Four dead in shootings as Chicago gun-death toll rises

Reuters

By Renita Young

CHICAGO (Reuters) - A new spate of gun violence in Chicago left four men dead, Chicago police said on Saturday, less than two days after a shooting spree at a park in the city wounded 13 people, including a 3-year-boy.

The latest shootings came as America's third most populous city struggled to respond to a rash of street violence that killed seven people in less than 30 hours and wounded over a dozen more, according to local authorities.

The four gun deaths occurred in incidents between 6:15 p.m. on Friday and 3 a.m. on Saturday, Chicago Police Department spokesman Mike Sullivan said.

The victims ranged in age from 18 to 37. Three of the attacks occurred in the city's mostly poor South Side, where Thursday night's shootings by suspected gang members carrying an assault weapon took place.

Separately, a teenage boy was found shot and killed in the Park Manor neighborhood on Friday afternoon, police said.

The Cook County Medical Examiner's Office also reported two fatalities from gunshots at 2 a.m. Friday and 6 a.m. Friday, although details on those shootings were not available on Saturday.

Chicago has one of the worst homicide rates in the country and more violent crime than other large cities such as New York and Los Angeles. The city's police department had been claiming success in stemming the violence with a strategy of flooding 20 high-crime neighborhoods with officers.

Illinois Governor Pat Quinn said on Saturday he would consider using state law enforcement resources to help curb gun violence in Chicago, although he did not outline a specific strategy.

"I think anyone who saw what happened in Cornell Park the other night was horrified by the violence," Quinn said of Thursday's shootings. "I live on the west side of Chicago. It is an area that has been inflicted with violence, and we've got to protect the people."

Quinn added he would be willing to speak with Chicago Mayor Rahm Emanuel or Chicago Police Superintendent Garry McCarthy about bringing in state resources. But a spokeswoman told Reuters on Saturday neither city leader had requested that help.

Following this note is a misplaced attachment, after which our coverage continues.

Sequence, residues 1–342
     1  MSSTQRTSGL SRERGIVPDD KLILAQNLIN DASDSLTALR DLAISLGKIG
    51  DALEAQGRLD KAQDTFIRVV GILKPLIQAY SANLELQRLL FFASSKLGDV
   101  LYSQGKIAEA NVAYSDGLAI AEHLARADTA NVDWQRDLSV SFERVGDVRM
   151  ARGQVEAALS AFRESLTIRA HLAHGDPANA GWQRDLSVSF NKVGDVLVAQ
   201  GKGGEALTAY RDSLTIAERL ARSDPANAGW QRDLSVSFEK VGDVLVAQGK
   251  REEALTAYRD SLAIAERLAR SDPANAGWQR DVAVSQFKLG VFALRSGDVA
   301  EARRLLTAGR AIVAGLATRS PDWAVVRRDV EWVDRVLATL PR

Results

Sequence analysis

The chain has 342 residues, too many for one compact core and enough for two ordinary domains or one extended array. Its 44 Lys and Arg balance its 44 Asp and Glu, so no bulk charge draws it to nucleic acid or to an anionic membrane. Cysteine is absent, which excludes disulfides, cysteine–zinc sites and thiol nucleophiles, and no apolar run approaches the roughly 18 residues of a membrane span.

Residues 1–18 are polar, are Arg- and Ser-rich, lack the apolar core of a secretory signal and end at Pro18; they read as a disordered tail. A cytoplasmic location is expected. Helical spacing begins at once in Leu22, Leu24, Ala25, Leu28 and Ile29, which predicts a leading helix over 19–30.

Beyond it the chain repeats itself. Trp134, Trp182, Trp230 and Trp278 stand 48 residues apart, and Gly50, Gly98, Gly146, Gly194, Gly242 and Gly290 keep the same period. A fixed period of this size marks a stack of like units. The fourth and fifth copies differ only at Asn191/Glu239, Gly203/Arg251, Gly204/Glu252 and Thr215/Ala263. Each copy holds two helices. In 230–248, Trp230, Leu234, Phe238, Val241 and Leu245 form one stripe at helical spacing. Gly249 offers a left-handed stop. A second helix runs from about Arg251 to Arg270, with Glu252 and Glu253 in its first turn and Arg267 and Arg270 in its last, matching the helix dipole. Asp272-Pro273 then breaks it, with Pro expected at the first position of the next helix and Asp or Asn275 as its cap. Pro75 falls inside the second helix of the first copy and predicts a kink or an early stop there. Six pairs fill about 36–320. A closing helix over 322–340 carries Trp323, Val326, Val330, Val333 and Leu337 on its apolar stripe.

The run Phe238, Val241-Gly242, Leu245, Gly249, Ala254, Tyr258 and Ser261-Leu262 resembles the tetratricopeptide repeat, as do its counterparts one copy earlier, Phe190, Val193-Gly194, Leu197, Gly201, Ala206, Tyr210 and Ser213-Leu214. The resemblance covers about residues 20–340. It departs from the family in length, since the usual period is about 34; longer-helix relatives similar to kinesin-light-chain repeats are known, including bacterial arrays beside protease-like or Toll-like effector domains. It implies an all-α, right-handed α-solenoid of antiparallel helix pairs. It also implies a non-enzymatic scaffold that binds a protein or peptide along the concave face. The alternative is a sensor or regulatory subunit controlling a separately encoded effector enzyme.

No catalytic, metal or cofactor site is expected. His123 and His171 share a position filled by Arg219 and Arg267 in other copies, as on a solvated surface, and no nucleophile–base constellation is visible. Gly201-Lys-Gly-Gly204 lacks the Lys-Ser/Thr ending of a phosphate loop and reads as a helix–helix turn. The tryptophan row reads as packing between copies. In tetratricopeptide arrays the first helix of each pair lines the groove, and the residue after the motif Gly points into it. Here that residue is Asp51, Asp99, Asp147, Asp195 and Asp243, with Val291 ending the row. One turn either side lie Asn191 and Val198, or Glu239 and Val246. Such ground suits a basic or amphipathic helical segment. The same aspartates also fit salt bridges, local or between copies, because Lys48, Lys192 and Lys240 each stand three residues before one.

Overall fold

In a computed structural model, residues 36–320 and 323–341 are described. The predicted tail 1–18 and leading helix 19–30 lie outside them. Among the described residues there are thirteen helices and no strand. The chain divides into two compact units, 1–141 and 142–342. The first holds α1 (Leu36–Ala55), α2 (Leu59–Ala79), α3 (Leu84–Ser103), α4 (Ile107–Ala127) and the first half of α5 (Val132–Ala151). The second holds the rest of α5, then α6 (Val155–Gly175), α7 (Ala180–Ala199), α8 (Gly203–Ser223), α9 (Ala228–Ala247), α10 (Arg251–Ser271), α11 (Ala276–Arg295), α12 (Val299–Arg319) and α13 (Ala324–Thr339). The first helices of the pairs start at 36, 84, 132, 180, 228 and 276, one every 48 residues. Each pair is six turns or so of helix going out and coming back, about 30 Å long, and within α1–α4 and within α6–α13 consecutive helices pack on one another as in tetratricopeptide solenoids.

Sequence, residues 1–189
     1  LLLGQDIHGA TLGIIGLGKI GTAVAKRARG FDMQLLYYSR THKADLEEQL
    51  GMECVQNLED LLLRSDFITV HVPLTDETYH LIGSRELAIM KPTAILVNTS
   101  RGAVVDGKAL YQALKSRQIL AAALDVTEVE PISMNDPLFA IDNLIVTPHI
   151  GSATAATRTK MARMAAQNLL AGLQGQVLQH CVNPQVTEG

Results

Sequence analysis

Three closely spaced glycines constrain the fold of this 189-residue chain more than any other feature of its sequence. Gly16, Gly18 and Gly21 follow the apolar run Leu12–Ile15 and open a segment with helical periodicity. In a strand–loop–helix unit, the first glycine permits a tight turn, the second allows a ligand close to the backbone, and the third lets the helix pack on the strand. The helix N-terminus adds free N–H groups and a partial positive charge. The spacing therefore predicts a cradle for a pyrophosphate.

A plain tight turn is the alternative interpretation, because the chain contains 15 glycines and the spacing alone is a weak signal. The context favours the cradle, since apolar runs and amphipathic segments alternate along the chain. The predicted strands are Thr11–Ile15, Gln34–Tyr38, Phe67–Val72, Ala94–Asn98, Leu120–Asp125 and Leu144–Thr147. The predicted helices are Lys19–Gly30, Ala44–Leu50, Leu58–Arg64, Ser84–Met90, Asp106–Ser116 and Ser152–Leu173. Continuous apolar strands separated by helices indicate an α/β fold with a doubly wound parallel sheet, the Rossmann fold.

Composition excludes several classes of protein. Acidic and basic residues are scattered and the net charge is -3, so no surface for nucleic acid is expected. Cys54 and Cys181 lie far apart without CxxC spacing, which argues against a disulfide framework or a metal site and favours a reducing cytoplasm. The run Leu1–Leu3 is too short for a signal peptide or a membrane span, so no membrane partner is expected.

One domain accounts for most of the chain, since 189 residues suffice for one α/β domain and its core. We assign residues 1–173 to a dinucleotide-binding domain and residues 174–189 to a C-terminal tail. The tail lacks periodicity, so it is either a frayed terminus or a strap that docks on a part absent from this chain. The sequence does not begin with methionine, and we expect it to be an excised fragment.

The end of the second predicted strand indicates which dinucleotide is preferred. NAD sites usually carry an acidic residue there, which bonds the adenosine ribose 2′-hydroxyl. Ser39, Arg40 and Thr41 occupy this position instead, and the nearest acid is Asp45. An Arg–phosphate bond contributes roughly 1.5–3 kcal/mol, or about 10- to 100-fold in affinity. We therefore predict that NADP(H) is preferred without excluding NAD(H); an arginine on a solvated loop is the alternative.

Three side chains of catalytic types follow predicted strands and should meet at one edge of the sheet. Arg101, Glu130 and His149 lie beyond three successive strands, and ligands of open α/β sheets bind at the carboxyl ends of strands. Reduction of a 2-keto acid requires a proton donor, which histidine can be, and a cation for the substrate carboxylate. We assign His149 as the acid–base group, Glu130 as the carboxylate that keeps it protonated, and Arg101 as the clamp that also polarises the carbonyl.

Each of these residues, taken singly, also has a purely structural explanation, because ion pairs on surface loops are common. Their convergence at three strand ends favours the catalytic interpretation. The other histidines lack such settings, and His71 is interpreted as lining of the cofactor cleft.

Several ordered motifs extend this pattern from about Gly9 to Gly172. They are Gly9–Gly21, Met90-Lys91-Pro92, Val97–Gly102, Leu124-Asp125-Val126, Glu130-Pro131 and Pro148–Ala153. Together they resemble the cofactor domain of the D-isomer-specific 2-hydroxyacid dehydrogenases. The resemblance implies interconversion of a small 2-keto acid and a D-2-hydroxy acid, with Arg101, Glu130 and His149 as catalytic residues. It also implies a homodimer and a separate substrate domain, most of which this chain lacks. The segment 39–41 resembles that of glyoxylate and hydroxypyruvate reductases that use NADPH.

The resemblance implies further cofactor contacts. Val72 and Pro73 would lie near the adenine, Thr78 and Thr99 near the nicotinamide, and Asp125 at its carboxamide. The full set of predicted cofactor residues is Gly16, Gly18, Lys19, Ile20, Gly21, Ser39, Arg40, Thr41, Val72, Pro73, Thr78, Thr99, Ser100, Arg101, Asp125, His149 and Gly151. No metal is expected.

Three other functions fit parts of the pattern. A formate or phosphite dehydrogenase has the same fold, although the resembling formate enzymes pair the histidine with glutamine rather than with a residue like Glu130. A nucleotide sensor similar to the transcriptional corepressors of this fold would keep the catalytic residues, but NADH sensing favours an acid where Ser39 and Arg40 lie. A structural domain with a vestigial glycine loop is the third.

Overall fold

She noted that Illinois State Police already provided help in some violence-prone neighborhoods from Chicago to East St. Louis. She would not comment on whether the governor would support use of the Illinois National Guard as well.

'IT'S SCARY'

Mayor Rahm Emanuel returned home from Washington, after canceling meetings there, and spoke at a prayer vigil on Friday night where he urged witnesses to Thursday's park shooting to come forward.

"We cannot allow children in the city of Chicago and we will not allow children in the city of Chicago to have their youthfulness, their optimism, their hope taken from them," he said at the vigil. "That's what gun violence does."

The 3-year-old who was among those wounded at Cornell Square Park on Thursday in the Back of the Yards neighborhood was identified by his family as Deonta Howard, critically wounded when a bullet entered his ear.

The boy's grandmother, 39-year-old Semecha Nunn, said on Friday he was at the park with his mother.

"I know my grandson wasn't the target, he just was in the wrong place at the wrong time," she said.

"But if you have any type of sympathy or a heart, you'll turn yourself in," she added, in a message to the shooters.

Nunn, whose oldest son was shot to death less than a month ago and whose fiancé also was wounded in the park, said the violence had to stop.

"I just buried my oldest son, and then to come home to this, yeah, it's scary," she said. "I don't feel safe. It's just sad."

Police say three gunmen were involved in Thursday's attack, which took place on a warm night after residents had watched a basketball game. No arrests have been made, police said.

None of those shot on Thursday had life-threatening wounds, McCarthy said.

Homicides in Chicago this year are down 21 percent compared with last year - at 305 compared with 389, according to the Chicago Police Department.

(Writing by Noreen O'Donnell; Editing by Karen Brooks and Peter Cooney)

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